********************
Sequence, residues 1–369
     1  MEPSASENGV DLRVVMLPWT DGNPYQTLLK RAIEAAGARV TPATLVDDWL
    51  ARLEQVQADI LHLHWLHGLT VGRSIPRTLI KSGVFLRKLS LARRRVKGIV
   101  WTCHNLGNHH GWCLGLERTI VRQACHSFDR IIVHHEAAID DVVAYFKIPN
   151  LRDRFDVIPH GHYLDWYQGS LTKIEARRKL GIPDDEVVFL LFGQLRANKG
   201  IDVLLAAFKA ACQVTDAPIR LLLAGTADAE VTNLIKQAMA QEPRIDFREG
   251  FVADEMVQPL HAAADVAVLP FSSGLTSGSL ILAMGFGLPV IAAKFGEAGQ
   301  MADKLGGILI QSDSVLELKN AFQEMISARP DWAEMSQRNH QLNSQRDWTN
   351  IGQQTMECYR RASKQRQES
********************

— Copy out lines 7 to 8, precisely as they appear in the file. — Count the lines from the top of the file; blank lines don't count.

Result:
   251  FVADEMVQPL HAAADVAVLP FSSGLTSGSL ILAMGFGLPV IAAKFGEAGQ
   301  MADKLGGILI QSDSVLELKN AFQEMISARP DWAEMSQRNH QLNSQRDWTN